We talk to the animation supervisor behind Anomalisa, the Oscar-nominated stop motion drama from director Charlie Kaufman
Anomalisa, the stop motion drama from Charlie Kaufman and Duke Johnson, defies any expectation an audience might hold for an animated feature. The film does not elicit any chorus of ‘Aw!’; the landscape is a bleak palette of grey and beige, and the R-rating confirms that this is a film for adults only. It’s a world away from the sweet, but moralistic, Pixar canon.
The film follows a day in the life of Michael Stone, an unmotivated motivational speaker who lands in Cincinnati to deliver a speech on customer service. The majority of the action unfolds on an airplane, a taxi, a fancy hotel, and in a car. Within these transient settings, Stone experiences a series of disappointments as he fails to connect with everyone he meets: from an overeager taxi driver, to the ex-girlfriend he had left heartbroken.
The lack of meaning in these interactions, and Michael’s increasing desperation, is emphasised by the fact that everyone he comes into contact with is voiced, by actor Tom Noonan, in the same robotic manner. Luckily, Lisa enters, a character whose singsong voice erupts in irresistible idiosyncrasy, and Michael’s hunt for connection reaches a pinnacle.
The real star here, however, is the animation: the slightly off-kilter masks; the incredible softness of expression; each wince and crinkle of Michael’s beer belly; and the way Lisa trips and falls in a hotel corridor. The film is a reflection of craft – from the cotton-woven clouds outside an airplane window, to the many faces of the puppets. But it’s not just the physical detail that required accuracy. For example, in one scene a nervous-drinking Michael downs a Martini, which was the result of days of work by the animation team.
No CGI was used in the making of Anomolisa, instead, a form of stop motion animation – defined as the physical manipulation of an object that appears to move on its own – is used throughout. Specifically, the team used a notoriously time-consuming technique called replacement animation. Each of the characters’ faces was manipulated on a computer, 3d-printed, and physically swapped out by an animator for each frame. Twenty-four frames equals one second of film. The animators had a goal of two-and-a-half seconds per day. The final film is 90 minutes – or 5,400 seconds overall.
Ahead of the 88th Academy Awards, PORT speaks to Anomolisa supervising animator Dan Driscoll about his role in creating one of the most unusual films of the year.
How were you first pitched the idea of Anomalisa?
The pitch for Anomalisa was always: ‘We will make something beautiful. We will make something no one has ever seen before. It will be the most difficult thing we will ever attempt’. Charlie Kaufman would never directly say what he thought the film was about. I believe that for him, one of the most important things is that the audience reaches conclusions on their own.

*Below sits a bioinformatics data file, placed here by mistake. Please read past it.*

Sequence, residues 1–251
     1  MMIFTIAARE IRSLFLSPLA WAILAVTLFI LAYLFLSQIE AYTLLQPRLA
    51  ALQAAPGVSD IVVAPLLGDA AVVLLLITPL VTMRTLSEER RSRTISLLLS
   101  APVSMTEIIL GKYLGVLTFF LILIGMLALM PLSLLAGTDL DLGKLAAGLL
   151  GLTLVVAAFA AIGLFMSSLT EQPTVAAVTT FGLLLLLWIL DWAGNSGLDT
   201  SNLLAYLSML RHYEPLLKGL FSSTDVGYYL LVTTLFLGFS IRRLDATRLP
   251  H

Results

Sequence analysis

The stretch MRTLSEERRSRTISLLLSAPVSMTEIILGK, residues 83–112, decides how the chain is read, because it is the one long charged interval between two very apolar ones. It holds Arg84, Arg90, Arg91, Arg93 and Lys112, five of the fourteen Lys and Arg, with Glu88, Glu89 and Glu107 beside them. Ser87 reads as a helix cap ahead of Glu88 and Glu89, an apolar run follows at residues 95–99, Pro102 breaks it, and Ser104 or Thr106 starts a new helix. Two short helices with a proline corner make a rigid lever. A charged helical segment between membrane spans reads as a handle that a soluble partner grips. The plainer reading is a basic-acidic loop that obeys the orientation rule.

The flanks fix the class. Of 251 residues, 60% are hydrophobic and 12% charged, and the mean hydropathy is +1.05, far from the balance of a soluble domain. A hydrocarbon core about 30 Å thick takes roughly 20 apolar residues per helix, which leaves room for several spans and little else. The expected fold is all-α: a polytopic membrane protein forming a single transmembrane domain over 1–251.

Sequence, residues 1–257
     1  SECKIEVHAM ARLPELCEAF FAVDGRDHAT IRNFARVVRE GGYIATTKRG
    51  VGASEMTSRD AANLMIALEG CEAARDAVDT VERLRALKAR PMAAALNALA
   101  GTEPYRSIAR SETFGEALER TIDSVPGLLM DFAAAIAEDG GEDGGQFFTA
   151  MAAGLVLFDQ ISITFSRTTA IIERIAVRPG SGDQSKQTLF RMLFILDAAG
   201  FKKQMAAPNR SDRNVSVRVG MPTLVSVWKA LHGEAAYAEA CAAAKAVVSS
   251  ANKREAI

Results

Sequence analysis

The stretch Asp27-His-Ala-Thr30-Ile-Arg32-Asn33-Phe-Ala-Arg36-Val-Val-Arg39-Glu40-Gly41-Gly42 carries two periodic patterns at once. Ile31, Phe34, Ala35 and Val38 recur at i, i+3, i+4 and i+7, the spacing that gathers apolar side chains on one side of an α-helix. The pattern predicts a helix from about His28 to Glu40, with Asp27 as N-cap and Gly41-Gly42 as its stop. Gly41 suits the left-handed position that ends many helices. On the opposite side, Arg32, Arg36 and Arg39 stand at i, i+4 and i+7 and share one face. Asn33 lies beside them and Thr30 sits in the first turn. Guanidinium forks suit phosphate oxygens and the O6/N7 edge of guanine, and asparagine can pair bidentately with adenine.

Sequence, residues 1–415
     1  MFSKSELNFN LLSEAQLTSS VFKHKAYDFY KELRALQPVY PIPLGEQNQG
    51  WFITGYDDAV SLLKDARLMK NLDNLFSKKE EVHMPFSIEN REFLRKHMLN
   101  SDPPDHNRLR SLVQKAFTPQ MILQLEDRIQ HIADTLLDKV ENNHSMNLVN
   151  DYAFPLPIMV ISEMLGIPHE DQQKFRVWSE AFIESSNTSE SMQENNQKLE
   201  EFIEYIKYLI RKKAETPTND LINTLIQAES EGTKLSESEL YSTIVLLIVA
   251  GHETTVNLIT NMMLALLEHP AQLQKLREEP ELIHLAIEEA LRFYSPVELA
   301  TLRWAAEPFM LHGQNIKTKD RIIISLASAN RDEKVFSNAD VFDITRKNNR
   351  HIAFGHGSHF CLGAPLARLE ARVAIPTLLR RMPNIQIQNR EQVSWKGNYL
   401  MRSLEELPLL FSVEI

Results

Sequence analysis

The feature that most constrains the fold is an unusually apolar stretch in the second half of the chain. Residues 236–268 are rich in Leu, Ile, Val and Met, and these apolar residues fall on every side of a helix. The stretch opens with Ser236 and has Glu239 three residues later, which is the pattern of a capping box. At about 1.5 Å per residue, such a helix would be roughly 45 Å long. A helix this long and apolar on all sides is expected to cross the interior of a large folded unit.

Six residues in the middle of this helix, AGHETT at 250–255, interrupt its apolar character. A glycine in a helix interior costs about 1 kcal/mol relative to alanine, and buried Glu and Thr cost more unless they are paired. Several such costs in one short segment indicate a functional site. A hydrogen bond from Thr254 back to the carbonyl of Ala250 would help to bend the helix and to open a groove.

What do you think is the different effect achieved by animation as opposed to live action?
I think Anomalisa is atmospheric in a way many live action movies are not. The textures of the puppets and sets, lighting, and the way the actors are represented (as puppets) requires a certain investment from the audience. There is always some suspension of disbelief when watching a movie, and possibly more so in an animated film. Combined with a very emotional piece of art, like a Charlie Kaufman script, I believe that the audience was sucked into Anomalisa as a stop motion film more than if it would have a live action movie.
What were the hardest actions to animate and how did you make them realistic?
One of the challenges when animating Anomalisa was finding a balance between animations that were too subtle, and stiff – which risked falling into the uncanny valley – and over-animating, resulting in the actions becoming too cartoony. It was one of my main responsibilities to maintain consistency between shots, but all the animators are extraordinary artists and it is their experience and talent you see on the screen.
What new technology has changed animation and stop motion?
In the last decade, stop motion animation has grown because of advancements in 3D printing and image capturing software, such as Dragon Frame. Being able to build and print multiple props and dozens of faces at one time is an amazing time and cost saver. Shooting digitally using DSLRs and Dragon Frame helps streamline the process too.
What other animators have influenced your work?
Like a lot of people, I grew up with the Rankin Bass Christmas specials, and loved the stop motion in the Star Wars movies. I’ve always been a fan of the Brothers Quay and Jan Svankmajer, I’ve enjoyed the textures and worlds they’ve created. Jiri Trinka is amazing. As a kid it seemed like King Kong was on television a lot, so Willis O’Brien, even though I was too young to know it at the time. Without question Ray Harryhousen’s films are very impressive. MTV also had a lot of stop motion station IDs in their early days which were always fun and odd. I am also continually amazed by the work my friends do. It’s an amazing opportunity to work with so many talented people, producing amazing work.